All on one page
When designing a piece of documentation, should we aim for one long page or many shorter pages?
Heh heh, I know, this is akin to asking whether a long piece of string is better than a short one. In the case of documentation, the answer depends very much on the subject matter, the output medium and the audience. So let’s aim for that amorphous but well known category “online documentation”.
Setting the scene
Until a couple of years ago, I was totally convinced of the value of short pages. I designed multi-layered documents, branching down into nicely categorised, easily digestible chunks of information.
“Don’t scare off your reader by cramming too much information into one page.”
Then I started working on a wiki, where readers have an easy way of communicating their opinion of the documentation we write. To my surprise, I found a number of comments from readers expressing frustration that they had to keep drilling down to get to the information they needed.
The most common request was to have the information “all on one page“. This was especially true of our installation guides. Many people hate having links all over the page, because they don’t know whether or not they need to click a particular link, since they can’t see what it’s going to tell them. Even if the writer introduces the link with “Read xxx to find out more about yyyy”, that is still not the same as being able to run your eye over the content and read or ignore it at will.
From talking to developers at the company where I work, I’ve discovered that most of them prefer having the information “all on one page” too.
Another relevant point is that we often don’t know what platform our readers are using. This is especially true when the documentation is online. Not so long ago, we could optimise our pages for 800×600 and be sure that we’d be serving most readers well. Soon 1024×768 was all the rage. But now, people are reading the same pages on their mega screens at work, then later on their laptop screens at home, and occasionally on their iPhones or other mobile devices while sitting on the bus or hanging from a cable car.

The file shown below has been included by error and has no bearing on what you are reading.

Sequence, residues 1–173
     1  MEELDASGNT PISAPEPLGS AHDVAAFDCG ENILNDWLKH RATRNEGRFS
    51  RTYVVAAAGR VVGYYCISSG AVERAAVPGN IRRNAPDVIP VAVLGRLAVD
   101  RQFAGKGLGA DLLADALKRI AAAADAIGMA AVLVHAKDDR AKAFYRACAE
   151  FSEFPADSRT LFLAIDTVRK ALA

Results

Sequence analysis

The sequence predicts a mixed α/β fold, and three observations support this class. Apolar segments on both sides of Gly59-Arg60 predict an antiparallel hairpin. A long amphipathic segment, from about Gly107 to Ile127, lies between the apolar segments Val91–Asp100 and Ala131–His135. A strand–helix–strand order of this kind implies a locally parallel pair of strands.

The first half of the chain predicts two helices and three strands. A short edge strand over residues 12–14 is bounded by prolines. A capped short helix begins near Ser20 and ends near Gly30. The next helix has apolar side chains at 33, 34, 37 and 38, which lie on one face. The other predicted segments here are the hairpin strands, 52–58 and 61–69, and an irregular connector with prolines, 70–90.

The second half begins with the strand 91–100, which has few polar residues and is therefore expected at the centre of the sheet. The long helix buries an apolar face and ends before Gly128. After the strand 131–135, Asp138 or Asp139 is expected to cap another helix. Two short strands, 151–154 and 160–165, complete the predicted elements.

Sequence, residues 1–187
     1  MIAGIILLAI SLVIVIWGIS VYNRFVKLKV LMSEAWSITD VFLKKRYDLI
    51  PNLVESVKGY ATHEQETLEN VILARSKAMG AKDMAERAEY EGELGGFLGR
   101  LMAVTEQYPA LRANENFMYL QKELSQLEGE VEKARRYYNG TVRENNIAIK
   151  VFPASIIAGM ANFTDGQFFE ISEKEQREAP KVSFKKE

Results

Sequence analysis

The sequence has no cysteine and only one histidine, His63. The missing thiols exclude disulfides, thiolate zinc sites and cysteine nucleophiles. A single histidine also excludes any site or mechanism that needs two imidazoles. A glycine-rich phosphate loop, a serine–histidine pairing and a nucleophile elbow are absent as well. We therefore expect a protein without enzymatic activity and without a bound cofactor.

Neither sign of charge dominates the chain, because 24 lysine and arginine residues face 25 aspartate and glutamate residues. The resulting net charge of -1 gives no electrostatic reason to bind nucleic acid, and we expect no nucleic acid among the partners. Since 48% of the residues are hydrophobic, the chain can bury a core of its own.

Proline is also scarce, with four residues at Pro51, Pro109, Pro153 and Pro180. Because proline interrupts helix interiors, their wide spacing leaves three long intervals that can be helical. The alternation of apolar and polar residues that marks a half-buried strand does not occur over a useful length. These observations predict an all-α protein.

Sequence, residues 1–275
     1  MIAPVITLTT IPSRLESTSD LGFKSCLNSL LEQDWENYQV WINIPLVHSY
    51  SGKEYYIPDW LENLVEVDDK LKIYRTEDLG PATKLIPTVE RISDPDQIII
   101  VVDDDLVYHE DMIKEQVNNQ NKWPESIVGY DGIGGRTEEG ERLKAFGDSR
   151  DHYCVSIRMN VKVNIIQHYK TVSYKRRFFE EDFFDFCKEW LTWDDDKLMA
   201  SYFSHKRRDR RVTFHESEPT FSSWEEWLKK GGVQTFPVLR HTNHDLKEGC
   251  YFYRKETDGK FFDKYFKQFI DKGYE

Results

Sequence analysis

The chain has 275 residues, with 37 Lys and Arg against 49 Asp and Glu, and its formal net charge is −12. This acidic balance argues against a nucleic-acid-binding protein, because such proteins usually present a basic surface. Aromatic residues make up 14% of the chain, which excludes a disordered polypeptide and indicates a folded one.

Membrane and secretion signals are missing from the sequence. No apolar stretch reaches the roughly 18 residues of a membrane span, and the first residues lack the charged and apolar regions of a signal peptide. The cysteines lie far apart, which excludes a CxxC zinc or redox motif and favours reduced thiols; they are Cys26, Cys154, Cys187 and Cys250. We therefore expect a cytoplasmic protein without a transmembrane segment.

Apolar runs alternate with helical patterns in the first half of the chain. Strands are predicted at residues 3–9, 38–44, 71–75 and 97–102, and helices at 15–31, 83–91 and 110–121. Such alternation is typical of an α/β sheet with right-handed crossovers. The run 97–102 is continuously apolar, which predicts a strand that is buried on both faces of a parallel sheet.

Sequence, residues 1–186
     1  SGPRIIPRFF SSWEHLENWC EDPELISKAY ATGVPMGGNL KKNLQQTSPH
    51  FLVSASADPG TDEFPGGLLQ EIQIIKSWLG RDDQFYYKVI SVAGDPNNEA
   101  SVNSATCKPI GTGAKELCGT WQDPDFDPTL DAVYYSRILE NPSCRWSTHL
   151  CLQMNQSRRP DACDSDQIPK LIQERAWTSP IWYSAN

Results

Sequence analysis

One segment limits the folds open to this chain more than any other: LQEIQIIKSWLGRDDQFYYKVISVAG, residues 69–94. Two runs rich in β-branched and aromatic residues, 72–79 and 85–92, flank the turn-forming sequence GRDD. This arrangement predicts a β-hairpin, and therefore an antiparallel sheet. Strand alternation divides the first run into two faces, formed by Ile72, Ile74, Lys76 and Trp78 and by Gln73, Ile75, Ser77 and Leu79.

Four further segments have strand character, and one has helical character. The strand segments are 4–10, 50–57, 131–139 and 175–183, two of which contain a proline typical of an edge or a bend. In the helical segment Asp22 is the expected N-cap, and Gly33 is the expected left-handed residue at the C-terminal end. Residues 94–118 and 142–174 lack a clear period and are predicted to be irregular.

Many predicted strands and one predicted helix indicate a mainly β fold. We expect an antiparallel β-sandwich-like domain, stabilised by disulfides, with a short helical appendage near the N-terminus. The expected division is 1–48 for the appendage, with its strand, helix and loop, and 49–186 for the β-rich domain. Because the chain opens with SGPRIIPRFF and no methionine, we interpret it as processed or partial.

Other people are not using a screen at all, but a braille reader or a text-to-voice translator.
Simple HTML and web browser rendering are ideal for this situation. They allow the text to flow into the space provided by our readers’ devices. In fact, you could say that we would be doing our readers a disservice if we tried to force the content into one particular page format or length.
Having everything on one page improves your search results too. People will receive fewer matches to their search requests and will find the information more easily (provided they can search the content of the page once it’s loaded).
What happens if your page has a lot of pictures or other things that make it load slowly? Would this be a good reason for breaking the information up into smaller chunks? Probably not, these days. Many of our readers are on super fast connections. And most web browsers do a good job of loading the text first, so that you can read the whole page while waiting for the pictures.
How I’m writing now
My pages are tending to be longer than they were two years ago. They hold more information.
At the top of the page it’s useful to have a mini table of contents, in the form of a hyperlinked list of the headings on the page.
Within the page, I use headings and other forms of highlighting that help people to skim over the content and alight on the paragraph they need.
Here’s a link to an example page. The page tells developers how to create an XML file describing a plugin. The page contains a short introduction, an example of the XML file, and a description of each element in the XML file. We could split this page into three separate pages, one for each section just described. We could even split it into separate pages for each XML element.
Conversely, we could merge that page and all its sibling pages into the parent page (“Plugin Framework Development Hub”) and have one humongous long developer document.
“You wanted it all on one page? Try this for size!” 😉
Nah, that’s going too far. The design job of splitting the information into logical chunks is still very important. But those chunks are a bit bigger than they were before.
If you’re working in an environment that uses single sourcing and content re-use, so much the better. Then you still have the fun of creating those nice neat bits, and you can just spew out the long page when the content is destined for an online environment.
How are you doing it these days?
OK, now it’s your turn. Shoot me down 🙂
But before you do, here’s a tantaliser for those who think chocolate and technical writing go hand in hand.
One big piece of chocolate or many small pieces?
At least here the choice here is easy: All of it 🙂